TCR_Public/950509.MBX

BANKRUPTCY CREDITORS' SERVICE, INC.






WE CARE: DISTRICT'S FAILURE TO PAY JEOPARDIZES HOUSING FOR MENTALLY
      RETARDED



  WASHINGTON, D.C.--May 9, 1995--
We Care Projects, Inc.
, a critical
supplier of care and medical services to the profoundly mentally retarded in
the District of Columbia, announced that it has filed for protection under
Chapter 11 of the bankruptcy laws.  The firm is currently owed more than
$3,000,000 by the D.C. Government Medicaid.



  Charles Dorsey, the President of We Care Projects, Inc., a D.C. non-profit
corporation, said the firm maintains eight facilities in the District, and
employs 300 people, most of whom are District residents. "Our residents are
profoundly retarded adults, most with a mental age under nine months," Dorsey
said.



  Dorsey explained that We Care has received substantial praise for its 24
hour residential care of the profoundly mentally retarded, but that the firm
found it impossible to satisfy its major bond holders. He said We Care owes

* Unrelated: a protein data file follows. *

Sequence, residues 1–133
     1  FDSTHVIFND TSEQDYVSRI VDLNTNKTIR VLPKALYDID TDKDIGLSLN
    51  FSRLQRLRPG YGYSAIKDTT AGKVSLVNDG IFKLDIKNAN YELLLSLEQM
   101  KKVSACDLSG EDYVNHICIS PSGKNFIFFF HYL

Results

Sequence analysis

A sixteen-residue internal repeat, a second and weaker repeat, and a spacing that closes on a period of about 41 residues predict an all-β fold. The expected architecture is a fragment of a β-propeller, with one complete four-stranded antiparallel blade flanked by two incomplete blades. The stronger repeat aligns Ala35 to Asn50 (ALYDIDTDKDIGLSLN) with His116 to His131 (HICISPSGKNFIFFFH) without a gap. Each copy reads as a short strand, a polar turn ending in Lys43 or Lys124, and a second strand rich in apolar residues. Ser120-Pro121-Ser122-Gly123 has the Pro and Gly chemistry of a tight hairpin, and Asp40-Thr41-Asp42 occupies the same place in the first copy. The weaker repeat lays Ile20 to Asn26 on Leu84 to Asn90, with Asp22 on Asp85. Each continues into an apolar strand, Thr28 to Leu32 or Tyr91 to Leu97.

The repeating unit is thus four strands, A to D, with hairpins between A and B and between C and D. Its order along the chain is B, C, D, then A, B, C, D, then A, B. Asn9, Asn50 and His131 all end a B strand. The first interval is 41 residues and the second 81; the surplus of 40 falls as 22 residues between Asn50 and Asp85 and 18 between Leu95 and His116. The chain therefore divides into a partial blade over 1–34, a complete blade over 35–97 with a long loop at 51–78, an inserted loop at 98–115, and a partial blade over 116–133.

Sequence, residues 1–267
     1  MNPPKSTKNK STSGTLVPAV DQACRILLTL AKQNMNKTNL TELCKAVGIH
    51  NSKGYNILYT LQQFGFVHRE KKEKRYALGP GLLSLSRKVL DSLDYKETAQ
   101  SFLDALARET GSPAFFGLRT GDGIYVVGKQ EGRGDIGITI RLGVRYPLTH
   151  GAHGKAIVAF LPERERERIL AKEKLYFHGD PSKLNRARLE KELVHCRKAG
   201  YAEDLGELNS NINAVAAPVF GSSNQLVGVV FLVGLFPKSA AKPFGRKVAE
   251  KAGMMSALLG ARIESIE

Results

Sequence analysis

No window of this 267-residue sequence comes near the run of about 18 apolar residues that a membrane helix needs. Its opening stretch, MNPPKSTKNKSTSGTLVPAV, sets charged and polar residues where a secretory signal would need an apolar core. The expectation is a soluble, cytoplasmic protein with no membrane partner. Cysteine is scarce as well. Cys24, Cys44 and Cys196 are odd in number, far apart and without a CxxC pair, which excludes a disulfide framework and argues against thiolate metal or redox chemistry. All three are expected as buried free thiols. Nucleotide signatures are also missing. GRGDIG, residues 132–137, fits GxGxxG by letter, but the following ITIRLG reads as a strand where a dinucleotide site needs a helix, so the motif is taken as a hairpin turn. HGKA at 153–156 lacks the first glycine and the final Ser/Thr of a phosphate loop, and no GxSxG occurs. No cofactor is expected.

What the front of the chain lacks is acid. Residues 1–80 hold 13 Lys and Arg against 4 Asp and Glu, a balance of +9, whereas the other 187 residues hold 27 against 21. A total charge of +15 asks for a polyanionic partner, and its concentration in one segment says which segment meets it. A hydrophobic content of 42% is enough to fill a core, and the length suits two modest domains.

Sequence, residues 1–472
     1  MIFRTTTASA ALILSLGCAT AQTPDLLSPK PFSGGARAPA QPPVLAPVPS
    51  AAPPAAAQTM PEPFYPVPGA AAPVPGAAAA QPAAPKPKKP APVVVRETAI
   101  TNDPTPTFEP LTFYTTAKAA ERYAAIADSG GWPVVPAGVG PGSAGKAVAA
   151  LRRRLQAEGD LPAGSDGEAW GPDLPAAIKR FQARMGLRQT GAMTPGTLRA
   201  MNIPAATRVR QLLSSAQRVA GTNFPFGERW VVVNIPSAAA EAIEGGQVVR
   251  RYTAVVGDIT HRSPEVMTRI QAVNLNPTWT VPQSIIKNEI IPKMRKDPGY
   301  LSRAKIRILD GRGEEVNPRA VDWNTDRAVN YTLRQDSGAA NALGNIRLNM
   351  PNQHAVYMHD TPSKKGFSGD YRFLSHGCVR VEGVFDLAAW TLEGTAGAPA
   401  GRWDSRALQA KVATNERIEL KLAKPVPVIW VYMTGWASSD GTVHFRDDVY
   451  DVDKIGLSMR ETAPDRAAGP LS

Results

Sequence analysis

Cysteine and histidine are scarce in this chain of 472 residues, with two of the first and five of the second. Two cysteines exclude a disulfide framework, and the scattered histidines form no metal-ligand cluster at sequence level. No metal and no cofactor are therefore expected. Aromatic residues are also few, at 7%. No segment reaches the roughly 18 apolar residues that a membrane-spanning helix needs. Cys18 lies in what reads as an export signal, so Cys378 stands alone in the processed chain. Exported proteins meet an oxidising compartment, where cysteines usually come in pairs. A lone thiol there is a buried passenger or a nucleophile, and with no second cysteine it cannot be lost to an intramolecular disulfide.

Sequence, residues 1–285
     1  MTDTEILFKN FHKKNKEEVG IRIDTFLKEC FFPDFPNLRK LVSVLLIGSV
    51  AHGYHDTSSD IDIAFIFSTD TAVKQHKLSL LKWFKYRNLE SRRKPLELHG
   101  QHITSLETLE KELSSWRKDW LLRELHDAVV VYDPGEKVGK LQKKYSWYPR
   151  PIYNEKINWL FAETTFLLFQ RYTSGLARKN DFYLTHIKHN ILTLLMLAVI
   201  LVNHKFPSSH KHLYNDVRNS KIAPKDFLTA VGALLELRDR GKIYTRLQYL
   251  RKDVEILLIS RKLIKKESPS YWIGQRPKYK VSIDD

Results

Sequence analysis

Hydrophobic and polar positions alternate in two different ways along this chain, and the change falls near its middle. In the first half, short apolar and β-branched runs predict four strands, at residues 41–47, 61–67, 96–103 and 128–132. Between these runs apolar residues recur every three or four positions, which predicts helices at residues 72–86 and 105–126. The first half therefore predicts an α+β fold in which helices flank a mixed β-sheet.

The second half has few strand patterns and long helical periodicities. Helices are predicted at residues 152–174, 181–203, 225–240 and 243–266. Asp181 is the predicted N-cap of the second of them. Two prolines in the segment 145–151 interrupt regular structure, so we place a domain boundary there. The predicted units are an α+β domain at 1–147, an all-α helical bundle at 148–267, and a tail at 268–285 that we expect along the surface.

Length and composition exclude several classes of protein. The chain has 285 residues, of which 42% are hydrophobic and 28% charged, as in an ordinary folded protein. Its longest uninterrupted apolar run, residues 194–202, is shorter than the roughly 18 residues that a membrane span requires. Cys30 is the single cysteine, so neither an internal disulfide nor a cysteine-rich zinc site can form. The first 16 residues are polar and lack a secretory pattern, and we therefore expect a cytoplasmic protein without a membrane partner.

the bond holders $10,000,000 for the construction of its facilities and could
no longer pay the bond holders and at the same time to carry on its day-to-day
obligations for the critical care of its residents.



  "We just had to choose between those whose very existence is in our hands,
and the bond holders in Chicago," Dorsey said.



  We Care and several other residential care facilities were set up after
Senior United States District Court Judge John H. Pratt ordered the District
to remedy the severe problems of the poor care then being provided at Forest
Haven for many mentally retarded residents.



  "Even that part of our reimbursement which is being paid by the District has
not been adjusted for inflation or the cost increases we have had since we
started operations in 1991," Mr. Dorsey said, "We have done a good job caring
for our residents, but we cannot continue, if the District Medicaid fails to
pay its fair share of costs for their care." According to Dorsey, District
Medicaid has failed to pay a large part of the actual operating costs of the
facilities since 1992.



  "Our residents must have 24 hour care.  Even in its present economic
difficulties, the District cannot abandon those who most need its care,"
Dorsey said.



  The case was filed in the D.C. Bankruptcy Court by attorney Thomas J.
Stanton, who specializes in reorganizations of nonprofit firms.



CONTACT:  Charles Dorsey, 202-723-9424, or Thomas J. Stanton, 202-342-3342,
both for We Care Projects